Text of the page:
Alex G plays surreal, aberrant set at August Hall

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An Alex G concert is an unusual setting for a mosh pit. Yet, that’s precisely what broke out among the throng of sweaty arts school types Feb. 24, before the end of the first song. 

When Alexander Giannascoli (performing under the moniker Alex G) took the stage, he seemed visibly drunk, stumbling around during the dizzying, carnivalesque opening bars of “Southern Sky” — another surprise that felt more appropriate with every minute immersed in the frenetic hedonism that pooled over the floor of August Hall.

The mythos surrounding Alex G is simultaneously deconstructed and bolstered by his live performance. Giannascoli’s music often finds itself caught in the crosshairs between quotidian and uncanny, or melodic and shrill. His live performance style is equally inclined toward polarities, where on a blustery San Francisco evening, normalcy devolved into psychosis, and composure into chaos.

Giannascoli’s most recent record, House of Sugar, debuted fall 2019. The record swirls with one opaque vignette after another, mired in a vaguely Lynchian flavor of unnerving Americana. Like Lynch, impenetrability is of little concern to Giannascoli, who — in an anomalous interview with GQ — distanced himself from forced narratives or static interpretations: “There is no story of the record,” he said.

Giannascoli opened the evening with a triptych of arcane fan favorites: “Southern Sky,” “Hope” and “Bobby.” The last of which, from his 2017 record Rocket, is rife with folksy, distilled yearning. It’s Giannascoli at his best, a sentiment undeniably felt among the crowd, which took the lively muffled arpeggiated piano intro as a firm command to begin thrashing about.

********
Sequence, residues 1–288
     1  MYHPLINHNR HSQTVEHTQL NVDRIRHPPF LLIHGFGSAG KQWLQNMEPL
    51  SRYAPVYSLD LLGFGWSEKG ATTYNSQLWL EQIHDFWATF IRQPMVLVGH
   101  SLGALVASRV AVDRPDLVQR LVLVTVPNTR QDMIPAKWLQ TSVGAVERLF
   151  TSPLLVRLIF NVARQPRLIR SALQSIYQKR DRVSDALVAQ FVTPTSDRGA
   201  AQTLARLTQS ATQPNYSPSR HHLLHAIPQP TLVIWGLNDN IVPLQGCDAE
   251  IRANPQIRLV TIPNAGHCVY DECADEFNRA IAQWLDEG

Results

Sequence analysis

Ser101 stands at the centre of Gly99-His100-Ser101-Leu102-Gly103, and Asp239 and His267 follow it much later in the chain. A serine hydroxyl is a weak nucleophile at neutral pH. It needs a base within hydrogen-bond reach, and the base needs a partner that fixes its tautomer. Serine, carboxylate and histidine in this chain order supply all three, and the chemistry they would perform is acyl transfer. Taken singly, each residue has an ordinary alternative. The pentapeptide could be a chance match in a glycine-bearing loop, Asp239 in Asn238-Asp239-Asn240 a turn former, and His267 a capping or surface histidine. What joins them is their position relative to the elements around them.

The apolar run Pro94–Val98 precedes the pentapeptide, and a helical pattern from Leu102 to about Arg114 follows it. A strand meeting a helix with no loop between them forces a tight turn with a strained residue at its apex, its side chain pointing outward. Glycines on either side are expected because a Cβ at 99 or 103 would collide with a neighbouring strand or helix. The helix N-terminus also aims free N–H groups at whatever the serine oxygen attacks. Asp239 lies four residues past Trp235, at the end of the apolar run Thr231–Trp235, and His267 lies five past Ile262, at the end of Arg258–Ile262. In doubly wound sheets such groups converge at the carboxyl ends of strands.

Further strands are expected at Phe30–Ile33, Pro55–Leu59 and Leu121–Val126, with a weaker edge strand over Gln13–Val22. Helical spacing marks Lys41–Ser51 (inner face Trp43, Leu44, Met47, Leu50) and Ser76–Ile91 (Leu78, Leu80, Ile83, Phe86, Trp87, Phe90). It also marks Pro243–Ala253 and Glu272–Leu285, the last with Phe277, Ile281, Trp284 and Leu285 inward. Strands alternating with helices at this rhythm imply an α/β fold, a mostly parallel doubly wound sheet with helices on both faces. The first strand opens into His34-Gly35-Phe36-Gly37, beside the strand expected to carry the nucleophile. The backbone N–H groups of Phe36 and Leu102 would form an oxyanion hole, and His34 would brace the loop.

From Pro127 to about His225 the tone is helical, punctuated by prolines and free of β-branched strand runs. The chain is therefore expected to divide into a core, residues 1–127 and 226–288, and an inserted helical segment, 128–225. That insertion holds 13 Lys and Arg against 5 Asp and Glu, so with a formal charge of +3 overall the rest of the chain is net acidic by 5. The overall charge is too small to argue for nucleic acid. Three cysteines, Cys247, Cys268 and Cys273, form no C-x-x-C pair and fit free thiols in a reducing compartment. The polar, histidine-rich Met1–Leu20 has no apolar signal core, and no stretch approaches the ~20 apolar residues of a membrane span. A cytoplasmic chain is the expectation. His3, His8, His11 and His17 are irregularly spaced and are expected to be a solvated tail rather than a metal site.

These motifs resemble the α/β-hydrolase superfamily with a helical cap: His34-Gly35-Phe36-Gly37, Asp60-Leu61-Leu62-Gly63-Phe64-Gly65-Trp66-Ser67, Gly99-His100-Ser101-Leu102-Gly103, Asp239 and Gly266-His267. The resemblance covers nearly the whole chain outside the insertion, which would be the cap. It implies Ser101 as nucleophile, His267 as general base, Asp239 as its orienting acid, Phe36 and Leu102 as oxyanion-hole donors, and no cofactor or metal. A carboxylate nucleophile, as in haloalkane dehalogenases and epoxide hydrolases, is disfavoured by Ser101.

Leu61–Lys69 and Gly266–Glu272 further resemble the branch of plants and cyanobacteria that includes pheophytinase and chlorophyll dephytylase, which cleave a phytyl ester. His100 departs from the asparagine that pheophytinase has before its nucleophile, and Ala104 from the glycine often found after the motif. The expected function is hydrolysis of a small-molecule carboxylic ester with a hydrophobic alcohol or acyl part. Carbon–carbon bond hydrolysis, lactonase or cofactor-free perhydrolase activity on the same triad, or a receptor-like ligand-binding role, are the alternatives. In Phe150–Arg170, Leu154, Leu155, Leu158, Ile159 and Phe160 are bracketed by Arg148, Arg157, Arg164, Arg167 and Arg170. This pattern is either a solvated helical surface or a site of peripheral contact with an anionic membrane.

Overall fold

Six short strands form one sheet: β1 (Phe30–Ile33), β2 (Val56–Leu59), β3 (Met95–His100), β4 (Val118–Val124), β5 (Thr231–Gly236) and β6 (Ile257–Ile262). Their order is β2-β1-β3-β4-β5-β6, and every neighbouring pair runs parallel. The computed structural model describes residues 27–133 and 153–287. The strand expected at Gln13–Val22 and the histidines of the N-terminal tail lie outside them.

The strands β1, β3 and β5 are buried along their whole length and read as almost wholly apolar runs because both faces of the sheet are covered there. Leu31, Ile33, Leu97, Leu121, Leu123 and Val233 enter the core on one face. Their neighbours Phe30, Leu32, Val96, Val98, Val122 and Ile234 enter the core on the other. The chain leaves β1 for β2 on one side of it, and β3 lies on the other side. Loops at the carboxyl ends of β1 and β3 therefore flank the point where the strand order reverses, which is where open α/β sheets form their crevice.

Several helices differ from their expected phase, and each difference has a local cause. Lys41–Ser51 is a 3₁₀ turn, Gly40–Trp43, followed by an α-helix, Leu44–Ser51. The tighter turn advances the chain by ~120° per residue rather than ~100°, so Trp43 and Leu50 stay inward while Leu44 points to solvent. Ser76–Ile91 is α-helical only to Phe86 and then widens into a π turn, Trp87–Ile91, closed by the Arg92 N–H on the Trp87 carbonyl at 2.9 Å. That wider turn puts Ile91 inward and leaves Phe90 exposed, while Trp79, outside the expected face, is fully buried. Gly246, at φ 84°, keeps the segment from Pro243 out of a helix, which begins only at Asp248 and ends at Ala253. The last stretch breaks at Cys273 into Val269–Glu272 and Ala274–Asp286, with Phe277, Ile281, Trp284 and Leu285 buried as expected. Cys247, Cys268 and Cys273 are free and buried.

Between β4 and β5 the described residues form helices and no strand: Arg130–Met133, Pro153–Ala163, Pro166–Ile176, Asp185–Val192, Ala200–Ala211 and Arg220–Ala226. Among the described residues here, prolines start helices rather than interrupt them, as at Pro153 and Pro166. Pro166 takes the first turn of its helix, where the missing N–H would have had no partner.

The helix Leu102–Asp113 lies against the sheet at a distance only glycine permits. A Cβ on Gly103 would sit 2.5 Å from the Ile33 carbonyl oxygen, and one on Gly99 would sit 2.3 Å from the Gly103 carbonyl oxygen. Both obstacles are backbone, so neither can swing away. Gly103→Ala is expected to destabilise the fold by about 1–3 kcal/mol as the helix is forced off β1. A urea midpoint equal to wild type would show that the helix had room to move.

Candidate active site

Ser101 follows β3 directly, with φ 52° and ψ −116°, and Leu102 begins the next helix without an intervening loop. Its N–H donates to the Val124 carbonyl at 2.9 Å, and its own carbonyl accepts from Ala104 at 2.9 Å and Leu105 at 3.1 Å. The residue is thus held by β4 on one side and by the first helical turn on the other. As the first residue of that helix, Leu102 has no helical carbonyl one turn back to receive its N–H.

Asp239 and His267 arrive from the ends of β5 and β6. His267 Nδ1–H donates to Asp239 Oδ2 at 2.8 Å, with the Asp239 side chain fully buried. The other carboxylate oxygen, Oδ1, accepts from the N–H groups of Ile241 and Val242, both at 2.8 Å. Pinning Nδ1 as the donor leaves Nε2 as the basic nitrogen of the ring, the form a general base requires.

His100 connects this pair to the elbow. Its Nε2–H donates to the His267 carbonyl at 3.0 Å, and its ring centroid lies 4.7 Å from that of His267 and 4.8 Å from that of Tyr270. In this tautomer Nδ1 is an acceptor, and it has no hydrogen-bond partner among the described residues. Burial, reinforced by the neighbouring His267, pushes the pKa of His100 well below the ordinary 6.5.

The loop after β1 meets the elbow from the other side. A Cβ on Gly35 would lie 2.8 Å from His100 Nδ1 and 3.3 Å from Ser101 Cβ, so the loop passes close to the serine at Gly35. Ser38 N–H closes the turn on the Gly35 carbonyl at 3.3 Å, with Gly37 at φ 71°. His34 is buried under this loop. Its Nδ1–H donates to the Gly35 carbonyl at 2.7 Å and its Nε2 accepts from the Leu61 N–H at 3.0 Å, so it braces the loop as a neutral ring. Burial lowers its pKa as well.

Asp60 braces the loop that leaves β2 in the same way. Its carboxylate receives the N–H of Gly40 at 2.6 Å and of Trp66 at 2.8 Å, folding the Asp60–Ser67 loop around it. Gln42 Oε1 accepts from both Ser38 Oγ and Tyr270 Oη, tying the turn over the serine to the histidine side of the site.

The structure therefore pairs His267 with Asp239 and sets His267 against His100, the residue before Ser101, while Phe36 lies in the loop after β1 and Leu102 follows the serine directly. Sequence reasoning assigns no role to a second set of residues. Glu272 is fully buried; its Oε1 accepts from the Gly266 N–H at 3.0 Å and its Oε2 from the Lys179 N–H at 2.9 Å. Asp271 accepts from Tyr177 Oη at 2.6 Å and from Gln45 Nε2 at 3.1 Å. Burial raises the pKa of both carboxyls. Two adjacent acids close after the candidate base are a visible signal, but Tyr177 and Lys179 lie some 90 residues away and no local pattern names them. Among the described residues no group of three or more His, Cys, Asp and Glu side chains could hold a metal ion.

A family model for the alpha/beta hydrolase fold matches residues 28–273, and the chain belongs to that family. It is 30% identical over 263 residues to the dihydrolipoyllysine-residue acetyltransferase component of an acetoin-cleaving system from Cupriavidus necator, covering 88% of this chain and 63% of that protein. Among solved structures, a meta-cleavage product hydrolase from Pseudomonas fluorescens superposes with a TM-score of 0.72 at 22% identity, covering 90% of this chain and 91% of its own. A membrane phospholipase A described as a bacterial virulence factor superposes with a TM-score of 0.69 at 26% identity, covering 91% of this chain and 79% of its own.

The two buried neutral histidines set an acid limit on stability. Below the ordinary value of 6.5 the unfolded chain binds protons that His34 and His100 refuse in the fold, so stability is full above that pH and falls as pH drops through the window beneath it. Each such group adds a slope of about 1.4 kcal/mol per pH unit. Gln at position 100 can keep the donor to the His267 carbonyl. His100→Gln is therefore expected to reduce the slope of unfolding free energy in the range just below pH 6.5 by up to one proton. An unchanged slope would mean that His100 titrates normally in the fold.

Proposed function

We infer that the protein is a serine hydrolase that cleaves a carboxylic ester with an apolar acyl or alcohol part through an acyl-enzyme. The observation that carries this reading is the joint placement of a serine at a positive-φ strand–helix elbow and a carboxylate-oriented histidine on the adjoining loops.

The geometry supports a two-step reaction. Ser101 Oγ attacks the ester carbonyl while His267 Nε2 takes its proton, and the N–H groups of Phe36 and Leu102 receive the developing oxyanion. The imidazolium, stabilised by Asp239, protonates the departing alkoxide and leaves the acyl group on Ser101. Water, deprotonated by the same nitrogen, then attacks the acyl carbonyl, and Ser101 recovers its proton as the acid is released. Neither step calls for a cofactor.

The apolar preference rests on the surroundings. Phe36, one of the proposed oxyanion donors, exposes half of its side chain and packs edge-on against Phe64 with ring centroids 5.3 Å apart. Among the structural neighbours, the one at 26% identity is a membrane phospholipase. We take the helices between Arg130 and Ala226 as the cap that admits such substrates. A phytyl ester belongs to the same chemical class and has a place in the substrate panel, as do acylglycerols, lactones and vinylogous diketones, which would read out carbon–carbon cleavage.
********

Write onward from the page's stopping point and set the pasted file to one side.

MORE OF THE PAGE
Though initially surprising, the shock of the rowdy vibes was tempered by the time that the sixth or seventh crowd-surfing skater boy got hoisted over the barricade for a cursory slap on the wrist by security. Among the tumult, Giannascoli remained nonplussed, perhaps owing to his skill and dedication as a performer. 

Giannascoli is also no stranger to limerence — music meme pages on Instagram are swift to point out how many of his songs feature titles with girls’ names. Still, his encore performance of “Mary” — arguably the most objectionable track within the “girl’s name” canon — proved an unlikely fan favorite. 

Earlier in the evening, Giannascoli played “Near,” another simplistically titled, twisted love song festooned with the usual Alex G eccentricities. “All I want is to be near/ You, you, you, you” Giannascoli crooned through gritted teeth. 

Save for the moshers and crowd surfers, Giannascoli’s set remained rather by the book. His oddball status only took root when he staggered over to the keyboard and sat hunched over outstretched, taloned hands. At his perch, he then played an ambient, reverb-heavy number. His vocals groaned, discordant to the point of strange unrecognizability.

Still situated at the keyboard, Giannascoli played “Crab,” a lively, high-octane jaunt through a deceptively cavernous exhumation of a relationship. Alongside “Bobby,” the song marked one of the night’s highest points, the crowd bobbing along to the carbonated descending keyboard.

In spite of his reputation as a purveyor of songwriting tinged with esotericism, Giannascoli perennially seems, in many ways, like a fourth-grade boy, post-lice haircut and all. His songs carry a youthful air of spritely, treacly whimsy. 

“Gretel,” the opener for both House of Sugar and the concert, is derived from the Hansel and Gretel fairytale, as well as a Philadelphia casino of the same name. Throughout his performance, he maintained an intermittent, checked-out rapport with his audience. “Life is so hard right now,” he said blithely, one of the exceptionally few moments of audience interaction that night.

In addition to his juvenile sensibilities, Giannascoli is also a man of unapologetically simplistic tastes. As he walked offstage after a raucous, overstimulating encore, the house lights flickered and Rascal Flatts’ “Life is a Highway” came on, proffering a weird — but much needed — moment of catharsis following a night of antics and sonic unearthliness.

Contact Emma Murphree at [email protected].